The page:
The Maryland U.S. attorney's office announces indictments against 14 retailers in a $16 million food stamp fraud investigation. (Jessica Anderson/Baltimore Sun video)
A Baltimore man was ordered Friday to pay more than $3.7 million in restitution for illegally trafficking in food stamps.
U.S. District Judge Richard D. Bennett also sentenced Mohammad Shafiq, 51, to almost four years in prison, followed by three years of supervised release.
Shafiq's sentencing was part of a series of prosecutions involving 14 Baltimore-area retailers who were indicted in August 2016 by a federal grand jury for food stamp and wire fraud.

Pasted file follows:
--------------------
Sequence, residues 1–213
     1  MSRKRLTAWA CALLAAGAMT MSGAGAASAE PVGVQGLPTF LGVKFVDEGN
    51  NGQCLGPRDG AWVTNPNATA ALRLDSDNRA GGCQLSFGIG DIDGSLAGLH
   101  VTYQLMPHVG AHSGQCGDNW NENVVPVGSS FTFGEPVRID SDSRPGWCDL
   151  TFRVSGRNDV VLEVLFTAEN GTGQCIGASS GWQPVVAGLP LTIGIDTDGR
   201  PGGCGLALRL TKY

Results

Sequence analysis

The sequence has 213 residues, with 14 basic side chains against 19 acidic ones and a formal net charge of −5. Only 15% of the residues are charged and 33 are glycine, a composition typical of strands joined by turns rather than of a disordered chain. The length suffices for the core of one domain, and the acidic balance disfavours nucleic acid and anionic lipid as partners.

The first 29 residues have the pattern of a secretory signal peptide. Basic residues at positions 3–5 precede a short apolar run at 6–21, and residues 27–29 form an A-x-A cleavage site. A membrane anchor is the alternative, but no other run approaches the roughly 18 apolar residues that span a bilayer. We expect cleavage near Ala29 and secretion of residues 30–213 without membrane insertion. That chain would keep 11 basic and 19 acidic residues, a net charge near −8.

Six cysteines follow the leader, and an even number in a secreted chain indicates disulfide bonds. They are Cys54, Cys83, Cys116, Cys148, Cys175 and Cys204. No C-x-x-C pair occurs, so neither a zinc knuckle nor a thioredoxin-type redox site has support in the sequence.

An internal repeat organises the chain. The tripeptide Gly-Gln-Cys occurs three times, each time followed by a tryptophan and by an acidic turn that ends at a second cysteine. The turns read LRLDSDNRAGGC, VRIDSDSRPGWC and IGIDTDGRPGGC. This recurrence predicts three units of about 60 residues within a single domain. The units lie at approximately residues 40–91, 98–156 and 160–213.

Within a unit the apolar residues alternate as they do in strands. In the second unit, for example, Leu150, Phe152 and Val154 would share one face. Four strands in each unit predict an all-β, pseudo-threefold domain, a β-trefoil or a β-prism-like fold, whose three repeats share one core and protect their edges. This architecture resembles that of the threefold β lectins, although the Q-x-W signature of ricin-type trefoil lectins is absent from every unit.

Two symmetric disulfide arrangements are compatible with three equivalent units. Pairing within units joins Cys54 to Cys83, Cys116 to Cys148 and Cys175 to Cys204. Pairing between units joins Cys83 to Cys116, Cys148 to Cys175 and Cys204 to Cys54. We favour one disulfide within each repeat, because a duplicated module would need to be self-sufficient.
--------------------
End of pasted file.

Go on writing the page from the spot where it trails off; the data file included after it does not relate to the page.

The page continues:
The operators collectively obtained more than $16 million from the U.S. Department of Agriculture by illegally trading food stamp benefits for cash, according to the indictment. Twelve of the fourteen charged defendants have pleaded guilty and two were sentenced this week.
Mohammad Irfan, 59, of Baltimore County was sentenced Thursday to more than four years in prison and ordered to pay about $3.6 million in restitution. He also faces three years of supervised release.